If you’re a designer or product manager you’ve no doubt been enjoying the explosion of new interactive prototyping tools like Atomic, Principle, InVision, and Axure in recent years. All of these products make it easy to rapidly prototype and share interactive designs for any screen size.
In the old days, we used static wireframing in tools like Photoshop or Visio. To convey the concepts of motion and interaction, which were crucial to how the final product would work for users, we had to notate a lot and show a storyboard of states: “Click this here, and this happens next over here.” While this approach worked, it could be unwieldy for lots of different screens. And it never gave you the actual experience being designed. We were still working in flatland, and you had to imagine how the final app or site would actually feel.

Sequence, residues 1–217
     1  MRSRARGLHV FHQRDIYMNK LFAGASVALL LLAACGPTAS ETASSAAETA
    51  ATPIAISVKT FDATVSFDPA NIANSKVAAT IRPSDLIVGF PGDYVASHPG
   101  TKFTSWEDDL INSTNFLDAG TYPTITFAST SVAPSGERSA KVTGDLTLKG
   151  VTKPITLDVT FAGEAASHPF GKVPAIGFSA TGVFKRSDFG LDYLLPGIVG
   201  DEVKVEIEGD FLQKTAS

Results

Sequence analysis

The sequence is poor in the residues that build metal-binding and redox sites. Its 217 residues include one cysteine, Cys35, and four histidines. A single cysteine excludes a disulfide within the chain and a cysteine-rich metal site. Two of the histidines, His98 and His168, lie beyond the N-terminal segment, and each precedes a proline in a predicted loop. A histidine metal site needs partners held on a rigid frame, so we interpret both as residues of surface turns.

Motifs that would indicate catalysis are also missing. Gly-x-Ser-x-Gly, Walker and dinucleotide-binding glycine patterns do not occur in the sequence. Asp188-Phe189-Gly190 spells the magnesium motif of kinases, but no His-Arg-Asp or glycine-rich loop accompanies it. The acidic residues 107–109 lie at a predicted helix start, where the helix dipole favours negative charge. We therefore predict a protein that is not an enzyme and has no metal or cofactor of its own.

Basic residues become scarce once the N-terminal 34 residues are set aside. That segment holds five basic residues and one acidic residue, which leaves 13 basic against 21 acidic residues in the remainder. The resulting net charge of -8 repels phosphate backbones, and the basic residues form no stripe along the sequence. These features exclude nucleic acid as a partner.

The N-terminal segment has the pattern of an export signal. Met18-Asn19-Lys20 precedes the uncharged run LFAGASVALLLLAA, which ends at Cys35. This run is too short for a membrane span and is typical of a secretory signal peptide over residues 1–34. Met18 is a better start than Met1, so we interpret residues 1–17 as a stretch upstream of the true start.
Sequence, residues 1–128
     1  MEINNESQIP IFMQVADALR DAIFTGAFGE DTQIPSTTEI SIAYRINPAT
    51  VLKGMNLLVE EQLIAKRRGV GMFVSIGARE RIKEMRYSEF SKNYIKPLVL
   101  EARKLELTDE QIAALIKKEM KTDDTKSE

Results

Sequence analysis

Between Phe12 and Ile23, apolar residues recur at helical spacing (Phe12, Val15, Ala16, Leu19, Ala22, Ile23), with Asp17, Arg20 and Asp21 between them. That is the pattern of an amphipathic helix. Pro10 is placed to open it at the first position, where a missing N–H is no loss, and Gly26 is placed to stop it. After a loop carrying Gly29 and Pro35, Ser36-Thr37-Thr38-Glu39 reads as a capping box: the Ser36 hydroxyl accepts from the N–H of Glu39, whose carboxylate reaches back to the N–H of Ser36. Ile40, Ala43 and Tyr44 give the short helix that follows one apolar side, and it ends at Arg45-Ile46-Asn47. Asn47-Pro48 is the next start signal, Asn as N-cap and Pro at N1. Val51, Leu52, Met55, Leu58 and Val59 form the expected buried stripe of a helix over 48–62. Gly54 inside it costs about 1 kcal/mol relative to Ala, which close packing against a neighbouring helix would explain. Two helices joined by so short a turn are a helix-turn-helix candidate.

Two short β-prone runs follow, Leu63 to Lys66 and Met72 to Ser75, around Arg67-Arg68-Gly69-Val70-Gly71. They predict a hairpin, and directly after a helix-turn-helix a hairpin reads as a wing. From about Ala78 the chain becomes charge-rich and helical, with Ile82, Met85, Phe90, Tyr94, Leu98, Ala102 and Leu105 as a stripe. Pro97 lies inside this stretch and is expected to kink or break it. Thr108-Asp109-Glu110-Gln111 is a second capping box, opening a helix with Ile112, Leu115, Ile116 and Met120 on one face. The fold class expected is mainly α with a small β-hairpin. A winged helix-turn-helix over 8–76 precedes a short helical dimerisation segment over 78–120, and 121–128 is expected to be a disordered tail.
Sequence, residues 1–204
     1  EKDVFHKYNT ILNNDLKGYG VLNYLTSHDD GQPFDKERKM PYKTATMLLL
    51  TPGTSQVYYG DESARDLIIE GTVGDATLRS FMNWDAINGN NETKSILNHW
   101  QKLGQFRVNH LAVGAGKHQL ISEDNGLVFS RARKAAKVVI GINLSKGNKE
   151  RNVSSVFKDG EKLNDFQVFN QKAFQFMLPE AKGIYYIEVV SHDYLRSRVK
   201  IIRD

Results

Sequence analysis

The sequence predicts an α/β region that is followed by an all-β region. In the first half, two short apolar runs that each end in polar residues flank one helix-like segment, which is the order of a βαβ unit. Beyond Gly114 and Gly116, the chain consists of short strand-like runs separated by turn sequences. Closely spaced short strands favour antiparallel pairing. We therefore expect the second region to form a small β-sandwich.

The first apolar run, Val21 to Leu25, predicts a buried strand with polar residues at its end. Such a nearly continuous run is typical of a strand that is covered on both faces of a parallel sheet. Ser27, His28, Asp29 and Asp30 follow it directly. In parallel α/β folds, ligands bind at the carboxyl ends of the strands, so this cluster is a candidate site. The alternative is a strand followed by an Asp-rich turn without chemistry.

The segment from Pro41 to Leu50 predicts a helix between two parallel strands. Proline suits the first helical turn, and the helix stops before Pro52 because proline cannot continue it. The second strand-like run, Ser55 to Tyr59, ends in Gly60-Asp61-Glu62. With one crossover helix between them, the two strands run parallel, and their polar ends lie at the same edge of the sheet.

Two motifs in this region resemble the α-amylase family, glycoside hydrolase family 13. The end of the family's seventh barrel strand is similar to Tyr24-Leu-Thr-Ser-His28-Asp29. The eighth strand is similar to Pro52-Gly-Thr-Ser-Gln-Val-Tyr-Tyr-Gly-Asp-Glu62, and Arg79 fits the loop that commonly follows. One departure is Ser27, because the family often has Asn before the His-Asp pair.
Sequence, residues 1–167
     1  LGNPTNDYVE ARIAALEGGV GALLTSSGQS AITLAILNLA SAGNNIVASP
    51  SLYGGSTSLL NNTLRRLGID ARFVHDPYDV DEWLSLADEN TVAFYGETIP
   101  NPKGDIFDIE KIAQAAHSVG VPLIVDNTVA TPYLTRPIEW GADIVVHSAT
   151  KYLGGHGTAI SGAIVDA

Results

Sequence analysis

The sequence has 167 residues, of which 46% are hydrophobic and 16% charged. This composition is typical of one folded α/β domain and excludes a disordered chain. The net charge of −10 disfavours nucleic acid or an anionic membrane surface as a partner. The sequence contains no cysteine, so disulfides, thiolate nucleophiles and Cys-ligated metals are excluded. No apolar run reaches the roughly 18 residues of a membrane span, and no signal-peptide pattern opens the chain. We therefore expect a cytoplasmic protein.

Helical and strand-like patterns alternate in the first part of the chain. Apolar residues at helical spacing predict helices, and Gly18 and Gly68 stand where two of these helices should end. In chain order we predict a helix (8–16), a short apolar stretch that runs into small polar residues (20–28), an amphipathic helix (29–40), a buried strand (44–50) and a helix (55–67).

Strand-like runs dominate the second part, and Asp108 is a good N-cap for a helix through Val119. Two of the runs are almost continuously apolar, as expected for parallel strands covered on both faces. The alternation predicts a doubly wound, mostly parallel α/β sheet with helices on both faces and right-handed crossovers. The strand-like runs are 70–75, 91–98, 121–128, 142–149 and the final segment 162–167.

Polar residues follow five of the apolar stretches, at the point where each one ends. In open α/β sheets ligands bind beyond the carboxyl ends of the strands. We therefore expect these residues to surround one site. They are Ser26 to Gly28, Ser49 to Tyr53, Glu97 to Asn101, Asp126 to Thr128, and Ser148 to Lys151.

The new tools change all that. Not only are they easy to use and built for speed, you can send someone a link to your prototype and they can open it on a mobile and play around, tapping and swiping through screens just like the real thing. No more paper printouts.
As these new tools took off, you had to wonder what would happen to the slumbering giant in the field. What was Adobe doing? Was Photoshop doomed? Would Adobe add interactive prototyping to its flagship product?
The answer is that Adobe has their own new interactive prototyping tool, and it should be hitting the world very soon. Introducing Project Comet. There was a booth at O’Reilly Design Conference last week showing this snazzy new offering, and it was interesting to talk to Adobe folks and hear what they’re thinking. The product looks great. Are they late to the game? Yes. Will that matter? Probably not.
What impact will the entrance of a giant have on the many small new companies creating interactive prototyping tools? While there’s plenty of room for all players in this niche, the fact that an industry leader like Adobe will soon have a dedicated interactive prototyping tool is news.